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Prenuptial Agreements

Prenuptial Agreements are a Way to Take care of Problems Before they Happen.

Wedding bells are ringing and the date of the big event is fast approaching. The last thing the happy couple wants to think about is how they would divide their assets in the event of a divorce.

People do not marry with  intention of divorcing in mind.  Keeping in mind that 50% of marriages end in divorce, a prenuptial agreement will protect your assets in the event that a divorce may occur. There are many big mistakes that people make when trying up prenuptial agreements. Because it is so disconcerting to consider the possibility of divorce while anticipating a wedding, people tend to put off hiring a lawyer until the last minute.  That is the first big mistake! Following is a list of the four important rules and preparing a prenuptial agreement:

1) the agreement cannot be signed under duress. That means not only no threats about canceling the wedding if the agreement is not signed, but it also means that each party has to have enough time to consider the substantial rights that they may be preserving or giving up. A prenuptial agreement should never  be signed within days before the wedding, as that is also duress. It is best to have the agreement prepared and ready for signing no less than one month before the wedding date. The further away from the wedding date the document is signed, the better.

2) Each party must have independent counsel. That means the same lawyer cannot represent both the  prospective bride and prospective groom in counseling regarding the prenuptial agreement. The bride and groom each must have their own attorneys to advise them about the contents of the agreement and whether it is advisable to sign the document or not.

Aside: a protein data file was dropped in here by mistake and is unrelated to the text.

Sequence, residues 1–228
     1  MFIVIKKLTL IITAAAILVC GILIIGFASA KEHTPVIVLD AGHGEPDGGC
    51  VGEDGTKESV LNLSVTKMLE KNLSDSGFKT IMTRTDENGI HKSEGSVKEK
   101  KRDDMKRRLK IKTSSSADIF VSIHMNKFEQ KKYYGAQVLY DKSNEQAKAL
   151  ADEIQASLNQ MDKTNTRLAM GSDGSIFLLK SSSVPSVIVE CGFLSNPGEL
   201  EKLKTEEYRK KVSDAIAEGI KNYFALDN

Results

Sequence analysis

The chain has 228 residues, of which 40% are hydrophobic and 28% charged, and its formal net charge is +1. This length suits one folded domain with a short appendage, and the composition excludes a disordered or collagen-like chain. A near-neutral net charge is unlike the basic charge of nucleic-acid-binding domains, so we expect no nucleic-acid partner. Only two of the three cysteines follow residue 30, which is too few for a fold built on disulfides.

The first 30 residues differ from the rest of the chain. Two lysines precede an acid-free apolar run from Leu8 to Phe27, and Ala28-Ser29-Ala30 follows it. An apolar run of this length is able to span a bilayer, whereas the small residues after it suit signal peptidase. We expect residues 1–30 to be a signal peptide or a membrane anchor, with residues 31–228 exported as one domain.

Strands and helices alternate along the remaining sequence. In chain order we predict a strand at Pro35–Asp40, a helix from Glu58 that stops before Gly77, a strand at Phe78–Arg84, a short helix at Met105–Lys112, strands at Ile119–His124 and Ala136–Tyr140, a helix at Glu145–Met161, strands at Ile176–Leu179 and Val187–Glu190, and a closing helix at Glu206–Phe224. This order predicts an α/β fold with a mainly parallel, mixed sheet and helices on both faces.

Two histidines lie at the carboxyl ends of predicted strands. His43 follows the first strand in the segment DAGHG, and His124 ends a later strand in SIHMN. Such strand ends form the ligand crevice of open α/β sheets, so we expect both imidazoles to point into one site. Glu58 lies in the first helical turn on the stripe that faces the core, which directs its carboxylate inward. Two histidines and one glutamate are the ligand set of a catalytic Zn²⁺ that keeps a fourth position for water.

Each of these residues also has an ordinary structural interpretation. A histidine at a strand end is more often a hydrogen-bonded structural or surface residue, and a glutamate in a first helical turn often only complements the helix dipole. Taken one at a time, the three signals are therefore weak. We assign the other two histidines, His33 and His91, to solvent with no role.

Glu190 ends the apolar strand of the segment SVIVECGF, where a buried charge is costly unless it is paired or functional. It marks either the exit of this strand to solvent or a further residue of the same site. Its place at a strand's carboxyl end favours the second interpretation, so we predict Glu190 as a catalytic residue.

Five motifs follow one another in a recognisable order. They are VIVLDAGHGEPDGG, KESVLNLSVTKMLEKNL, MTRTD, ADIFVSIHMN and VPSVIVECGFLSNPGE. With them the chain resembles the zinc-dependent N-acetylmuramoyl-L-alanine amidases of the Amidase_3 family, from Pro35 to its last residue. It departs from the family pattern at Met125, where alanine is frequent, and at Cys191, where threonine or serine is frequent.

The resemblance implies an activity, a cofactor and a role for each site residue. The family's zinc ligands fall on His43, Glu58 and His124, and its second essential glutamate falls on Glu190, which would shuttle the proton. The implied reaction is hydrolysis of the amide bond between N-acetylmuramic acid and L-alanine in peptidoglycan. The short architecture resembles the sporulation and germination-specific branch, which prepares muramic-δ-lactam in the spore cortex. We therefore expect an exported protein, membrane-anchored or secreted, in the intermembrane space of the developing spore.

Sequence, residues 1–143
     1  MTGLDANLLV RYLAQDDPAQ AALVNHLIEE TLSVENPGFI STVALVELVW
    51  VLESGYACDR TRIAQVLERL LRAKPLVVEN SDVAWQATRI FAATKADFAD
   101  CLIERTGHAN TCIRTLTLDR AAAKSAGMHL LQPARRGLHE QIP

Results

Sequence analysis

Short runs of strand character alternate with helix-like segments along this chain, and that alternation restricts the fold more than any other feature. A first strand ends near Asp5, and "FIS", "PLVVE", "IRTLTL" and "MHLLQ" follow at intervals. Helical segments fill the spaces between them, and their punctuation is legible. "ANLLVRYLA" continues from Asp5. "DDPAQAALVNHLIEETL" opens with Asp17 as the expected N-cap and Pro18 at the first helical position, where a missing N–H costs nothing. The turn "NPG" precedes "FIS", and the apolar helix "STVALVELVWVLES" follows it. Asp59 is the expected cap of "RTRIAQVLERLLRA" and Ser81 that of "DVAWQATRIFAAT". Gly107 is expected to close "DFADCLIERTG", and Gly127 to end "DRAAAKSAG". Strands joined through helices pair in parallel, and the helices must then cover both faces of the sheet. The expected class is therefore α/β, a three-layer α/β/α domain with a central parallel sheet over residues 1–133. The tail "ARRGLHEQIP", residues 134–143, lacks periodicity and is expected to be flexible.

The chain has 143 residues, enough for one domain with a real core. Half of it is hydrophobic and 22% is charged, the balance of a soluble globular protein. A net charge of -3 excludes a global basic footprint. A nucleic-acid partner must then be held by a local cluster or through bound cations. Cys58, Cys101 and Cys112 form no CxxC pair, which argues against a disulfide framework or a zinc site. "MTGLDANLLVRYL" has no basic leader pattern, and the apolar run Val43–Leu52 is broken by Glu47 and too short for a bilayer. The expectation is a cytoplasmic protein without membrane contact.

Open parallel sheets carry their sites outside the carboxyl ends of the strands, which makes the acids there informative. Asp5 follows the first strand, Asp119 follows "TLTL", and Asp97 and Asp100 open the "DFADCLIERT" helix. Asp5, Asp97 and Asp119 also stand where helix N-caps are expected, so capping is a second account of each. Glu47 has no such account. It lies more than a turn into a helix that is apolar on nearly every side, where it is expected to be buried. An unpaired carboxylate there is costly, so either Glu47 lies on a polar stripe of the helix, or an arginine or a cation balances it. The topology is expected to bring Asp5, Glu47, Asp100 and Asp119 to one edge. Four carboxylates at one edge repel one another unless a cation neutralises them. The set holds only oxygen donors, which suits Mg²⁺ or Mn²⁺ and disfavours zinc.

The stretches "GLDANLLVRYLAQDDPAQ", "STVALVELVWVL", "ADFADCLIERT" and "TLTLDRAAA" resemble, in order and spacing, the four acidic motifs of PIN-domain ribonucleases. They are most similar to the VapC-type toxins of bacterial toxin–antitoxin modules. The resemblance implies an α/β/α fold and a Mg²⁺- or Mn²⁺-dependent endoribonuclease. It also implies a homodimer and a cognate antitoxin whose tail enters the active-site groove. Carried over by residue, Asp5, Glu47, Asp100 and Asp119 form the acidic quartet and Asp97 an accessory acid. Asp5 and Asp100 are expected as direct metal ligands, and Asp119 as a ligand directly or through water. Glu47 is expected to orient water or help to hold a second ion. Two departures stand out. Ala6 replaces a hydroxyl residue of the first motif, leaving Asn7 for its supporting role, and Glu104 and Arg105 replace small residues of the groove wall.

3) The prenuptial agreement must contain a full and complete disclosure of the assets and liabilities of each party. There should be one disclosure sheet for the bride and one disclosure sheet for the groom. It is common to see these disclosure sheets as addendum or attachments to the body of the prenuptial agreement. Without a full disclosure, the agreement could later be held invalid if presented in court during the divorce proceedings.

4) The agreement must have what is known in legal terms as “consideration”. This means there has to be a benefit for the bargain. Therefore, if either the wife or groom is agreeing to give up a right to the other parties assets, there must be some benefit to giving up that right. If each  has assets they want to retain and protect in the event of a divorce, then the agreement may be equal and the benefit for the bargain is that each party is giving up something in exchange for the right to  retain something. In the case where one party has no assets and the other has significant assets, then the benefit to the party giving up their right to the assets should include a benefit  such as a buyout of a certain monetary amount. If one party is being asked to give up the right to claim alimony, then there should be some property or lump sum settlement being offered in exchange as the benefit. These are only some examples of the requirement of having consideration in a prenuptial agreement.

It is wise for parties contemplating marriage to meet with  experienced attorneys who can prepare and review a prenuptial agreement. Planning ahead is but one tool that will be helpful in avoiding future acrimonious problems.

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